Wednesday, July 16, 2008

Middletown's Wharfside Commons Gets Mixed Report Card

By JOSH KOVNER | Courant Staff Writer

July 15, 2008


Wharfside was this city's most anticipated housing development when it opened a year ago on Ferry Street in the North End, the poorest street in the poorest section of Middletown.

Now, Wharfside's 96 apartments are all rented, and the tenants, most of whom are working and earning $25,000 to $40,000 annually, have boosted employment and income along the blocks between the northern end of the city's wide, bustling Main Street and Route 9.

But the one-year report card is mixed, clouded by a recent assault and a nonfatal shooting involving people living or staying at Wharfside. Those incidents, and an impression that the complex had relaxed its tenant-screening policy, raised concerns about management and triggered an ultimatum from Mayor Sebastian Giuliano.

"This project was sold as the salvation of the North End," Giuliano said last week, after meeting with Wharfside's management to discuss whether past problems were making a comeback on Ferry Street. "Well, it better be the salvation. Anything less would have to be considered a failure."

The mayor and Police Chief Lynn Baldoni both said they felt better about day-to-day operations at the complex after the meeting, and accepted the assertions from regional manager Tracy Luttrell that prospective tenants are aggressively screened and that rules violations by residents aren't tolerated. Luttrell said there have been three evictions so far.

But expectations are high for Wharfside, the largest infusion of new housing and working adults in the North End since the neighborhood was the destination of choice for European immigrants in the early part of the 20th century. The mayor was born in the North End and went to elementary school a few yards away from where Wharfside now sits.

Wharfside opened at a time when politicians, social advocates and business leaders are lamenting the scarcity of affordable housing in Connecticut. Household incomes at Wharfside range from a minimum of about $9,000 for a single person to a maximum of $48,660 for a family of four — equal to 60 percent of the area's median income.

The cluster of four- and five-story brick buildings replaced blighted houses and now dominates the narrow, two-block street. The building on the east end of the complex has a view of the Connecticut River, beyond Route 9, a source of joy for tenant Dawn Brooks, a teacher at Cheshire High School who has lived at Wharfside since April.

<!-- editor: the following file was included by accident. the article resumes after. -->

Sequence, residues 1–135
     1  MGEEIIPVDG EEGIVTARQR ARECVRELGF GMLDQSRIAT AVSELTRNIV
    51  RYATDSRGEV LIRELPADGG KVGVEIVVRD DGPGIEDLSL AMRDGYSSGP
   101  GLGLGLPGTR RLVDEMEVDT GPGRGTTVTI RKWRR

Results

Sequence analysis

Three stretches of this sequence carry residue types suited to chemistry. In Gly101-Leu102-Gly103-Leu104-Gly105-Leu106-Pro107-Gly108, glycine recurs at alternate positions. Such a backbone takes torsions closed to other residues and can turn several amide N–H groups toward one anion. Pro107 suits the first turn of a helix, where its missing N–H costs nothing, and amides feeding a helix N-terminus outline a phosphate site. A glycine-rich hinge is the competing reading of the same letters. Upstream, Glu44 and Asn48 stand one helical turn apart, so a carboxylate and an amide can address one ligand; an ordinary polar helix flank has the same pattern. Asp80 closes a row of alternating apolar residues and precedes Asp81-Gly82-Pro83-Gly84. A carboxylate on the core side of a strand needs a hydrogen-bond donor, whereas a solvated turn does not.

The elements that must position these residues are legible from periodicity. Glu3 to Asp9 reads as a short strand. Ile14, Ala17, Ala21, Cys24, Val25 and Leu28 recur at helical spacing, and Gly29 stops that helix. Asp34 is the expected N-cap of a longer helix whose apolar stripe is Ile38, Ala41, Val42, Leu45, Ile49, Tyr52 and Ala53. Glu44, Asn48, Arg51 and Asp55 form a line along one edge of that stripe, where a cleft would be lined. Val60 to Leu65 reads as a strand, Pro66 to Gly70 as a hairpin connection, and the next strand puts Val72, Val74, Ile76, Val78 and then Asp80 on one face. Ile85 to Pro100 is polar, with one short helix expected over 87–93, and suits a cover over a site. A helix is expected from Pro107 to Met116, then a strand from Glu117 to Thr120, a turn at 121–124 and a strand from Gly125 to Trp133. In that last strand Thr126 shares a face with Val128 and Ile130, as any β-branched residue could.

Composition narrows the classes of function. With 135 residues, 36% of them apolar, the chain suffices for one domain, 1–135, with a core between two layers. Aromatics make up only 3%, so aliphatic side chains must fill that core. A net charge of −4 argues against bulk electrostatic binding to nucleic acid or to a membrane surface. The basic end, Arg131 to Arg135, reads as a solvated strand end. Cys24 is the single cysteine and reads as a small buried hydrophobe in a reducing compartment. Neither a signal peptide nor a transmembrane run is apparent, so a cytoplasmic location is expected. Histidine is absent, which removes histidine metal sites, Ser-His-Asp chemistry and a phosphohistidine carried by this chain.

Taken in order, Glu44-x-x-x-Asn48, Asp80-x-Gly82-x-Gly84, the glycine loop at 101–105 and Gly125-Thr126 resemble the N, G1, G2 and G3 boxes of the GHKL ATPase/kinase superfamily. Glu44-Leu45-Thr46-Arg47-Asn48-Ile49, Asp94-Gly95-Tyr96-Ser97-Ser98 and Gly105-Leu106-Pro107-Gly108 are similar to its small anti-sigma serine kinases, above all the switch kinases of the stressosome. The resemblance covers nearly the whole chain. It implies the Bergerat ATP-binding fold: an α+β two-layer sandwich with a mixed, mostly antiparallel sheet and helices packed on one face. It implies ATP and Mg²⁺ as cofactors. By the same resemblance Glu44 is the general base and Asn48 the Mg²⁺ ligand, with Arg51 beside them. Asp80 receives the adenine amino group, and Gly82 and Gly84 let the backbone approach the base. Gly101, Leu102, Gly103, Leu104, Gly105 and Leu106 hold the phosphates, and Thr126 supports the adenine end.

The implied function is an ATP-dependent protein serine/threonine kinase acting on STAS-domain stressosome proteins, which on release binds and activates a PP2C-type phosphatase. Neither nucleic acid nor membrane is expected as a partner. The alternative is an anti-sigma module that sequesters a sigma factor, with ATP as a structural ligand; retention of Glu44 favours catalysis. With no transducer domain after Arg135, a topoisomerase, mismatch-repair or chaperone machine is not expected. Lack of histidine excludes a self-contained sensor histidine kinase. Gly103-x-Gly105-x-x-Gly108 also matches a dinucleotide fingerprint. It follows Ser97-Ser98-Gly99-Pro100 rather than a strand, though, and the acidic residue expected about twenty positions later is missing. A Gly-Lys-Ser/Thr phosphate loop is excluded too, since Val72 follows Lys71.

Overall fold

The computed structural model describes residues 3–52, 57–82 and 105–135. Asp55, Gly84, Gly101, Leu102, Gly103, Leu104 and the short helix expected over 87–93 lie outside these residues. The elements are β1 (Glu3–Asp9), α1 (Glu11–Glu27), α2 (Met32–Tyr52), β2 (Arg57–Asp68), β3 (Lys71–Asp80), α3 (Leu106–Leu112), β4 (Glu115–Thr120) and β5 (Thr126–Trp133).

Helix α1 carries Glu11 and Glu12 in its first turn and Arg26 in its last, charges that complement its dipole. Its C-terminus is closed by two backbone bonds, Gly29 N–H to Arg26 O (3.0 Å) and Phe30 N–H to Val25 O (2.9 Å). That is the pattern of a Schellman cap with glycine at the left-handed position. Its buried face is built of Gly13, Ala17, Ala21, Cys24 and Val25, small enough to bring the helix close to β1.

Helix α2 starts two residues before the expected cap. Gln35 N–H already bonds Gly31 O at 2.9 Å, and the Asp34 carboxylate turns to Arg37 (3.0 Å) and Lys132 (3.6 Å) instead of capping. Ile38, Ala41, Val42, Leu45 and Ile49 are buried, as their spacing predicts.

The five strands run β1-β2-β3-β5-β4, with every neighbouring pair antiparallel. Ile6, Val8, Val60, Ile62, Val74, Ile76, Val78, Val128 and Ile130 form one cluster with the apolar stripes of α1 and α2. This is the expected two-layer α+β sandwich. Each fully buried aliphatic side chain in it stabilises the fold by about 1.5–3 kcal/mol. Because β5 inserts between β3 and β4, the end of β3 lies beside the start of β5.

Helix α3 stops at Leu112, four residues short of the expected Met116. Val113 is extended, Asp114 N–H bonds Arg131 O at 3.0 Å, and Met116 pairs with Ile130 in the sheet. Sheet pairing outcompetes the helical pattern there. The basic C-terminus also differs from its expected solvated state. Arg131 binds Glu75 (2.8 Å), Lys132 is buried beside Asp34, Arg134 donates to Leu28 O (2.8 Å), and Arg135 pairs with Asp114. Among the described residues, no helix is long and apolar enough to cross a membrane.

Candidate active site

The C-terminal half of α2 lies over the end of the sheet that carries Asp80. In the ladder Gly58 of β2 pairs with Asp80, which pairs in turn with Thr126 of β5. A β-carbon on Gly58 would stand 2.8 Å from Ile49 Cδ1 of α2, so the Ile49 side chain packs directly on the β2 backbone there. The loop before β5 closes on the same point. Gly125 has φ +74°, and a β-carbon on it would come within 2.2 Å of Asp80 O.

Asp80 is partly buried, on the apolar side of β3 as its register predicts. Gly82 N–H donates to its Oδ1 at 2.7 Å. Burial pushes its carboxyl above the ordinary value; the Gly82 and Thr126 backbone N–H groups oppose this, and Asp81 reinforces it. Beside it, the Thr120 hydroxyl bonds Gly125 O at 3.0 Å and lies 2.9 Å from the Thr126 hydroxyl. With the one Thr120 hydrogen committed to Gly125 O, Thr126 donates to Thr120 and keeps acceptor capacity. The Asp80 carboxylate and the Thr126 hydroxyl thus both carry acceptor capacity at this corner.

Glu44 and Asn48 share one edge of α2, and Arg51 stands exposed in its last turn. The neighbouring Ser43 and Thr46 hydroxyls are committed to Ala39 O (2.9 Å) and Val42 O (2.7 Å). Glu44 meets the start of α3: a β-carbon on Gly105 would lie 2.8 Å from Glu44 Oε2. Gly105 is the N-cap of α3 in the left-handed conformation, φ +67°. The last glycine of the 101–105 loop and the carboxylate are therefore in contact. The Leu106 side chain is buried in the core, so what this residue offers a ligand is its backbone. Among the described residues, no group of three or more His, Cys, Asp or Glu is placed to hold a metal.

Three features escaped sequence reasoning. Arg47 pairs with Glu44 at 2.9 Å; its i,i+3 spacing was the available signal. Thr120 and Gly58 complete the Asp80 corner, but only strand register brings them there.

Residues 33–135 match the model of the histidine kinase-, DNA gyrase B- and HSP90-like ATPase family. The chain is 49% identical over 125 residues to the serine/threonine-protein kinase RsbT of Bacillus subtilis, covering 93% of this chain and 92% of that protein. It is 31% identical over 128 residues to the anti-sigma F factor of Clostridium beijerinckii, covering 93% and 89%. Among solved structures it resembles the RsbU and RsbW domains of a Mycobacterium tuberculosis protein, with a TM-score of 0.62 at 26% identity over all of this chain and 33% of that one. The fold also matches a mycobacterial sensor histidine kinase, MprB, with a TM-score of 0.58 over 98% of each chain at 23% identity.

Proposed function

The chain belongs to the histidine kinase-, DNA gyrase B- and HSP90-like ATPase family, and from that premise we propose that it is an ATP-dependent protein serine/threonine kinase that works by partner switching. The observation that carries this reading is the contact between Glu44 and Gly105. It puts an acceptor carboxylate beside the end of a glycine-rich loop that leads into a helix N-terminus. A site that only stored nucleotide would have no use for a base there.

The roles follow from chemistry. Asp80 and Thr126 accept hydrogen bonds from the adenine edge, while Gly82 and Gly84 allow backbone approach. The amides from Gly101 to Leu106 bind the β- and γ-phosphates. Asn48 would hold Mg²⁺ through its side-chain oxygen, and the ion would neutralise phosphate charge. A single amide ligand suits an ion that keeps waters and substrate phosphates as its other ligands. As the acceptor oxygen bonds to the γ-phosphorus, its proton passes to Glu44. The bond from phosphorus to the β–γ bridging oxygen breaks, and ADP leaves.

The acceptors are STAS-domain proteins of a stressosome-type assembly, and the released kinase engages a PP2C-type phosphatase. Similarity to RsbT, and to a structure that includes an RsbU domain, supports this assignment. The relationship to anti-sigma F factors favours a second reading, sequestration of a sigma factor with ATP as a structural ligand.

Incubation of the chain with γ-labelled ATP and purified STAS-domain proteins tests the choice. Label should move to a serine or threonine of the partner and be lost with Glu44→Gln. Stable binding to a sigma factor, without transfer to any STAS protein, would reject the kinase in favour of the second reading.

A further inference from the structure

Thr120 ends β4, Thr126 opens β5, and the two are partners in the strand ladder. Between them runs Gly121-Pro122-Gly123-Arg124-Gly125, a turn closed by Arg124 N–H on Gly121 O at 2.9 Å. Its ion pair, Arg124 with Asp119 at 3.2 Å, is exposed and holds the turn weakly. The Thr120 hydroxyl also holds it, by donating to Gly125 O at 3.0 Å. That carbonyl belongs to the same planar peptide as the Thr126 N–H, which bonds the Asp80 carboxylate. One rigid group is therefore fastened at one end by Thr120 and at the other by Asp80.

A Middletown native, Brooks lived 33 years ago in one of the buildings replaced by Wharfside. She said she loves the fact that she's just around the corner from Main Street, and that she walks to the drugstore and even to the supermarket on Washington Street, a 25-minute trip. She said her apartment is of high quality and that management is responsive and accessible.

But the complex has had its critics from the start. Giuliano and the downtown business establishment believe the complex is too big and too dense, and they believe the city — through grants, a property tax break and a donation of land — gave too sweet a deal to the developer, the wealthy Richman Group of Greenwich. Richman owns and operates thousands of apartments across the country, including eight developments in Connecticut and New York. Most of the financing for the $22 million Wharfside complex was from housing tax credits, in which corporations invest in affordable housing developments in return for federal tax incentives.

Baldoni and the mayor agreed with the notion that the realities and perceptions of the "old Ferry Street" — crime and apathy — are hard to shake. Another challenge, said City Planner William Warner, is that Wharfside is still ringed by vacant multifamily houses. Nonprofit developers are waiting for public funding and bank financing to turn those properties into owner-occupied housing, but this crucial second step of the neighborhood's revitalization is taking longer than expected.

Still, said Warner, the developer "has the experience and resources to make this work. This is a major investment, even for them, and they can't let bad tenants chase away good tenants. It's reassuring that they've got a lot of tenants making 60 percent of the median and working at good jobs — so it comes down to property management." Izzi Greenberg agrees. The executive director of the North End Action Team said, "The naysayers expect Wharfside to fail, so it's up to management to prove it's a success, to go to public meetings and talk about what they're doing.

"I think Wharfside's residents have to push back a little, too," Greenberg said. "A lot of them have joined our NEAT meetings, and that's a sign they care about the community. And that makes me optimistic about the development."

Contact Josh Kovner at

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